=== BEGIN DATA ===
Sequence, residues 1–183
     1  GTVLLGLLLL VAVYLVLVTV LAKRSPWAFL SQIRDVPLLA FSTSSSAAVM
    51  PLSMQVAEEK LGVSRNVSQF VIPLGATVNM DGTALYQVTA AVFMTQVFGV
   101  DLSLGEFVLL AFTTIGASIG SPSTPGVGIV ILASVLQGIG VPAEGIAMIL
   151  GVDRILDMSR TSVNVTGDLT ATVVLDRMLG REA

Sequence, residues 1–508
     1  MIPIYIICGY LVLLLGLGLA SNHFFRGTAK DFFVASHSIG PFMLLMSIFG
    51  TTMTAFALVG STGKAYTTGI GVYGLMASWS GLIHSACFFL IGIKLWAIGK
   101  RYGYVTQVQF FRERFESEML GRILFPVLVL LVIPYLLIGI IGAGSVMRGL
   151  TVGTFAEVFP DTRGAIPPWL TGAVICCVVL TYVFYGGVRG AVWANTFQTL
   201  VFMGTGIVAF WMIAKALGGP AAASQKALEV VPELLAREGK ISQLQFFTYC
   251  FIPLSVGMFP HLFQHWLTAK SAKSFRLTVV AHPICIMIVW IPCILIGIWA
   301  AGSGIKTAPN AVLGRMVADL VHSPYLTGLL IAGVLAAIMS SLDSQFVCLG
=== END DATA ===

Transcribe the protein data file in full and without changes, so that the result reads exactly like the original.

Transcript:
Sequence, residues 1–183
     1  GTVLLGLLLL VAVYLVLVTV LAKRSPWAFL SQIRDVPLLA FSTSSSAAVM
    51  PLSMQVAEEK LGVSRNVSQF VIPLGATVNM DGTALYQVTA AVFMTQVFGV
   101  DLSLGEFVLL AFTTIGASIG SPSTPGVGIV ILASVLQGIG VPAEGIAMIL
   151  GVDRILDMSR TSVNVTGDLT ATVVLDRMLG REA

Sequence, residues 1–508
     1  MIPIYIICGY LVLLLGLGLA SNHFFRGTAK DFFVASHSIG PFMLLMSIFG
    51  TTMTAFALVG STGKAYTTGI GVYGLMASWS GLIHSACFFL IGIKLWAIGK
   101  RYGYVTQVQF FRERFESEML GRILFPVLVL LVIPYLLIGI IGAGSVMRGL
   151  TVGTFAEVFP DTRGAIPPWL TGAVICCVVL TYVFYGGVRG AVWANTFQTL
   201  VFMGTGIVAF WMIAKALGGP AAASQKALEV VPELLAREGK ISQLQFFTYC
   251  FIPLSVGMFP HLFQHWLTAK SAKSFRLTVV AHPICIMIVW IPCILIGIWA
   301  AGSGIKTAPN AVLGRMVADL VHSPYLTGLL IAGVLAAIMS SLDSQFVCLG